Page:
In Paul’s letter to the church at Corinth, he speaks about the signs of a true apostle. In Paul’s day the church was plagued by men who claimed to be official apostles when in fact they were charlatans. Paul writes:
The signs of a true apostle were performed among you with utmost patience, with signs and wonders and mighty works.22 Corinthians 12:12 ESV
While God is sovereign and can still perform miracles such as the healing of disease, he does so based on his sovereign will rather than gifting specific men with the gift to heal the sick or cast out demons. That age has now passed, but God remains sovereign to this very hour. We must beware of those who come in the name of Jesus claiming apostolic giftedness and authority which is no longer given to God’s people in this era of redemptive history.
The Mission of the Apostles
The primary mission of the apostles was to preach the gospel. They were heralds of the message, entrusted with the task of announcing the arrival of the King, and calling people to repentance. Preaching was central to their role, and they were not entertainers or celebrities but messengers appointed by God. Their preaching was characterized by its authority, clarity, and conviction. According to Mark 3:14, Jesus sent these apostles out to preach.
The word “preach” (κηρύσσω) means to herald or announce or proclaim a message to a group of people from a significant authority figure. It depicts the town crier who would go out and with a loud trumpet blast or with a loud shout and would call everyone to gather where he would deliver an important message. This announcement was done with a measure of authority (the very authority of the one sent) and was to be received as if the king himself was standing there speaking to the people.
Jesus modeled this style of preaching himself, consistently emphasizing the need for repentance and announcing the nearness of the kingdom of heaven (Matt 3:2; 4:17). The apostles followed in his footsteps, proclaiming the same message to the people they encountered during their mission (Mark 6:12).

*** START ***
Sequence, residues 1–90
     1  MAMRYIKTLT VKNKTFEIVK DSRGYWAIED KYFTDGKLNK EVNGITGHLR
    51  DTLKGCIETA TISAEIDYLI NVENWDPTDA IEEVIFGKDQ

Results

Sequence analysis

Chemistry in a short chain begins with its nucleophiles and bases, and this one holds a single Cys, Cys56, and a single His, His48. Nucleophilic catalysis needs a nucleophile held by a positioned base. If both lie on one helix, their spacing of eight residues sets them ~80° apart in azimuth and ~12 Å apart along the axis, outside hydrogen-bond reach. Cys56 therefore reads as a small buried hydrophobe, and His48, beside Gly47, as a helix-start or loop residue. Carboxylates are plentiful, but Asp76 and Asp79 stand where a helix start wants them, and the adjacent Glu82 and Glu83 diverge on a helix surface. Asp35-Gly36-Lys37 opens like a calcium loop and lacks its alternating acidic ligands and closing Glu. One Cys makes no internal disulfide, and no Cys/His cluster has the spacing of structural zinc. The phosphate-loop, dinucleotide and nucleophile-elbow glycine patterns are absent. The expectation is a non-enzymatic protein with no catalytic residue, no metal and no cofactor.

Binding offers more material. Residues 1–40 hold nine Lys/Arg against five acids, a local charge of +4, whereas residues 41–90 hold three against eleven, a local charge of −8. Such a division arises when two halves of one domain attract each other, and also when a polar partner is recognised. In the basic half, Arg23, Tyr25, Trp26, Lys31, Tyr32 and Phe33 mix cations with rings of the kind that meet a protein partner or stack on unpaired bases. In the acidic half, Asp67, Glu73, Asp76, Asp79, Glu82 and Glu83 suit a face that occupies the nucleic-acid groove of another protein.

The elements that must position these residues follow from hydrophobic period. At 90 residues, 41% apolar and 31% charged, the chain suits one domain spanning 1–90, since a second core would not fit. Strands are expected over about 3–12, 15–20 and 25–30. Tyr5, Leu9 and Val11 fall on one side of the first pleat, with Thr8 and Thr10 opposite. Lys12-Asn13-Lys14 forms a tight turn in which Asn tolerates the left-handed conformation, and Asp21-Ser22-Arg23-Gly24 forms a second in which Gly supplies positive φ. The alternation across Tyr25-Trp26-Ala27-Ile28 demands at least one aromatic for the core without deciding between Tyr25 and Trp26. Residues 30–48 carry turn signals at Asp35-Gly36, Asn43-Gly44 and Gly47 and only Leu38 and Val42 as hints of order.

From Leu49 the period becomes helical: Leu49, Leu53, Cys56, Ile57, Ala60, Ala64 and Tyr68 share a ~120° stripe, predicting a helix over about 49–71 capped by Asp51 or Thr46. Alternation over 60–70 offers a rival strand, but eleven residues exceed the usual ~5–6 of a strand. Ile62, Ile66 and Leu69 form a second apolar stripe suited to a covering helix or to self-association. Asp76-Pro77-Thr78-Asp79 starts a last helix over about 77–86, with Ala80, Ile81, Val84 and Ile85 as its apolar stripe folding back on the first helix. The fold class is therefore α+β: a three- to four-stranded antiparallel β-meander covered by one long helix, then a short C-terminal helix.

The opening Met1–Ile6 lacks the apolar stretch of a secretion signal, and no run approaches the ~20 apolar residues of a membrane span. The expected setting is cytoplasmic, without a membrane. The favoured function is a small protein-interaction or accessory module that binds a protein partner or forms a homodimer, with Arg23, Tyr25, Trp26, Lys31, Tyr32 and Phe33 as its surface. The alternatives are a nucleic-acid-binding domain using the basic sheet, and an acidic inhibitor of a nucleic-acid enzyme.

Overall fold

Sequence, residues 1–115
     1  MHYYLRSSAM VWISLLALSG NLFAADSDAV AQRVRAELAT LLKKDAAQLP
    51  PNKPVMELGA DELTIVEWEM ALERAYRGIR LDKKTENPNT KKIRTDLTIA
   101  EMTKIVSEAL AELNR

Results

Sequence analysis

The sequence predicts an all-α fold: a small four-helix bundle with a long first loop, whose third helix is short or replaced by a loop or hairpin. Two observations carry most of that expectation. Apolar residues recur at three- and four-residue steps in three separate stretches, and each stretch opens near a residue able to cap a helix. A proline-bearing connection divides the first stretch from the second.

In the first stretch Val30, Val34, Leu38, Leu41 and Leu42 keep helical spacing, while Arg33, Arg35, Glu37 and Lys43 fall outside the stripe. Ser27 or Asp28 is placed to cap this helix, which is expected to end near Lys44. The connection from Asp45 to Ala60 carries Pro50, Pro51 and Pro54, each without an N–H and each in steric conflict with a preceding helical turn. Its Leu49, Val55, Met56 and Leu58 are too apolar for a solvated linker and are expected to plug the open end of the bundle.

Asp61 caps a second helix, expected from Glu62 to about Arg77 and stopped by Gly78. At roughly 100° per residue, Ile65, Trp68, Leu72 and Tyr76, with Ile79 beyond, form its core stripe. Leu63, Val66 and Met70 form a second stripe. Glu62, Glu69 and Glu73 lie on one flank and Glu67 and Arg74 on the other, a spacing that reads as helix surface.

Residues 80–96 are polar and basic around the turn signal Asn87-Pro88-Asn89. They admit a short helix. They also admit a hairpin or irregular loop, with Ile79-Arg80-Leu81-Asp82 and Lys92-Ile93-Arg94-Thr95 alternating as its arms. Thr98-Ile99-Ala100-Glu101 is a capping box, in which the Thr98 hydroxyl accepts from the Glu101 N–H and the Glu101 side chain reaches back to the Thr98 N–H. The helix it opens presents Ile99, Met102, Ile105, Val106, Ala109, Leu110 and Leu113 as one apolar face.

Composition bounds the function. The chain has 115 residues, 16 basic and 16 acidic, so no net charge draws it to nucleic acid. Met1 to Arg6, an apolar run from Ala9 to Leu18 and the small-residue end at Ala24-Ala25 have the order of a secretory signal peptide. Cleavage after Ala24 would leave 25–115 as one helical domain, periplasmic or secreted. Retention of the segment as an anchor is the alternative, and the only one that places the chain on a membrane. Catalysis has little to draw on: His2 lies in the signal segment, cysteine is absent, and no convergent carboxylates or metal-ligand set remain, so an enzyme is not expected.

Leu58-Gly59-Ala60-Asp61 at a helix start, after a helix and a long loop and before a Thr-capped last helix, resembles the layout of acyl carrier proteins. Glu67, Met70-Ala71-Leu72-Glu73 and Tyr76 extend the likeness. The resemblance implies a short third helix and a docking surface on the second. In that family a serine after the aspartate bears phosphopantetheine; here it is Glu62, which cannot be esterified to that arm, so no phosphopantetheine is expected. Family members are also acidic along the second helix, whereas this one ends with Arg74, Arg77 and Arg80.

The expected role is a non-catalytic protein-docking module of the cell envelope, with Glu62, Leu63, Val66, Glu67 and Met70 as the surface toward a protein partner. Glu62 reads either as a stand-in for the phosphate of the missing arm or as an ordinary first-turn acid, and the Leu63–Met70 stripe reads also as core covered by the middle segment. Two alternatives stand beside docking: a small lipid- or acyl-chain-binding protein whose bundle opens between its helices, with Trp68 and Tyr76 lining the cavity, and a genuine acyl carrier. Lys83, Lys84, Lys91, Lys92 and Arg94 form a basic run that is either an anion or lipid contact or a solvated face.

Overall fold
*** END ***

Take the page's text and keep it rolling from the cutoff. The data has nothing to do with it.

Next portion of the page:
The twelve apostles played a pivotal role in the establishment of Christianity, as they were chosen and commissioned by Jesus Christ to preach the gospel of God. Their authority and apostolic gifts set them apart as messengers of God, and their preaching was characterized by its authoritative proclamation and call to repentance. Understanding the unique calling and mission of the twelve apostles provides valuable insights into the early days of Christianity and the foundational work they accomplished.
While the office of the apostle and the apostolic gifts ceased with the death of the last apostle, their legacy continues to impact the Church to this day. Their commitment to preaching and spreading the gospel serves as an example for believers today, emphasizing the importance of proclaiming the message of the kingdom of God with authority, clarity, and conviction. These men turned the world upside down and today we continue to walk in their footsteps as we declare the same message of the gospel of Christ.